Deborah Murray, executive director, Groundwork Greater Manchester
3.10PM - 3.35PMAfternoon coffee and networking
3.35PM - 4.15PMCold truths about our warming planet – and the role of charity leaders in becoming part of the climate solution
As United Nations Secretary-General António Guterres said at the recent UN Climate Change Conference of the Parties (COP26), “Our fragile planet is hanging by a thread. We are still knocking on the door of climate catastrophe. It is time to go into emergency mode — or our chance of reaching net-zero will itself be zero.” The outlook can seem bleak and we may feel powerless in the face of this stark reality. But the good news is that there is still a lot we can do to change this narrative. We invite sustainability and climate activist Chris Hines to inspire us to take our rightful place as part of the climate solution.
Chris Hines, founding member, Surfers Against Sewage and former sustainability director, the Eden Project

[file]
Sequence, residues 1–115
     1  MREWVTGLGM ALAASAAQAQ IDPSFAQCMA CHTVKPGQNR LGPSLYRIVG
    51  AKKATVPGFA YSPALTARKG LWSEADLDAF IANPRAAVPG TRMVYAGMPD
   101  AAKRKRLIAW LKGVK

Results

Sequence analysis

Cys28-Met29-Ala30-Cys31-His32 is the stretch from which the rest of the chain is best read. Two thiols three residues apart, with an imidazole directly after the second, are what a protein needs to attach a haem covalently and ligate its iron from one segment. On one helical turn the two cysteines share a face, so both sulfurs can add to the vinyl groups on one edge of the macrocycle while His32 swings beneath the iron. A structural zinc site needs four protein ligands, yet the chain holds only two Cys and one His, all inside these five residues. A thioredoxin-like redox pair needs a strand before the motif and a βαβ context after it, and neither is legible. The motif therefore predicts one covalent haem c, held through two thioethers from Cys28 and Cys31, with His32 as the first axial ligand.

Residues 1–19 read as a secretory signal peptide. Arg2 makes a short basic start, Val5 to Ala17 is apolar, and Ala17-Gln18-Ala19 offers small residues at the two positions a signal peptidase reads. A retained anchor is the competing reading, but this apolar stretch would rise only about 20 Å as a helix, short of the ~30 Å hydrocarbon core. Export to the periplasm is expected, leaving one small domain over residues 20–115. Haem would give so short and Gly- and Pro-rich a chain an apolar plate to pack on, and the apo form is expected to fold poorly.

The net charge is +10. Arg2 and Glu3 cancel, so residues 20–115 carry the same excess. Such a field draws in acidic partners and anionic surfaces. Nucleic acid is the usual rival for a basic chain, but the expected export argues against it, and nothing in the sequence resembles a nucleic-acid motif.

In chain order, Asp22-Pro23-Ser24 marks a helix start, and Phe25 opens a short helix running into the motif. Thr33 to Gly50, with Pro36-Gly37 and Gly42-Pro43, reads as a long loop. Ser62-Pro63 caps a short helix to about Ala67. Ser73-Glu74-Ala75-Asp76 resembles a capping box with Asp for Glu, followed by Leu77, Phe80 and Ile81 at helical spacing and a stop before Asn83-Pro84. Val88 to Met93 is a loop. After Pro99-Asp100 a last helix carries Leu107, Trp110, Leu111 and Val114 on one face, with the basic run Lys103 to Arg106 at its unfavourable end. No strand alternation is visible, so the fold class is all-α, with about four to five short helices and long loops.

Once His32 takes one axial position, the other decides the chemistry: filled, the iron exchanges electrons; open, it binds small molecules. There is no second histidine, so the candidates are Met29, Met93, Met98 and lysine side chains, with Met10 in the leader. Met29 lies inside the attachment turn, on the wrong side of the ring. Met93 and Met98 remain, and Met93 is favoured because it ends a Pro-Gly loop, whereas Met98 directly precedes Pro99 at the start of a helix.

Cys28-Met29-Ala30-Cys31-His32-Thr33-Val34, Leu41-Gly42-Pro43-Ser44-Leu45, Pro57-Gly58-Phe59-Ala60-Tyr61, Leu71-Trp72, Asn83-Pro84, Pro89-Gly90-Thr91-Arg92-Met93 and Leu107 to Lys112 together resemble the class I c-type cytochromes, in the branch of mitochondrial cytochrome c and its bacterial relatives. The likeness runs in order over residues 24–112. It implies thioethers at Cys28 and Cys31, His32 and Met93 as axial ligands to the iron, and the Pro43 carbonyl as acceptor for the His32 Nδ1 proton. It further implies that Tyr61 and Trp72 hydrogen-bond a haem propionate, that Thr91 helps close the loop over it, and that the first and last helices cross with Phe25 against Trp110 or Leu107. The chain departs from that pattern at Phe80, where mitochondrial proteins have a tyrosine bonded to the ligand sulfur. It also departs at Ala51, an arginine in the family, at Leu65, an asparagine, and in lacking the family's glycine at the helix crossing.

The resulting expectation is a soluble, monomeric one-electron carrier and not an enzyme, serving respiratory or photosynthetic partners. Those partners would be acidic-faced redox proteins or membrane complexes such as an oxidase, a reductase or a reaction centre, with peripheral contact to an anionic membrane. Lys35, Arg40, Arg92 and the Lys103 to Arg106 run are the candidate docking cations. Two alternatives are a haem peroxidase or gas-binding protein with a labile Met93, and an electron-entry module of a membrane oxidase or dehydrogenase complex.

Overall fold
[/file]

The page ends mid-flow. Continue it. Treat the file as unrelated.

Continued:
4.15PM - 4.25PMChair’s closing remarks
4.25PM - 5.30PMNetworking drinks reception
Great ways to save!
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Book your place now to save up to £150 off the ticket price.
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Ensure your whole team benefits from a great day's learning. With the Charity Team Ticket you can send up to four people
|Super early-bird (before 17 March)
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|Final release tickets (after 14 April)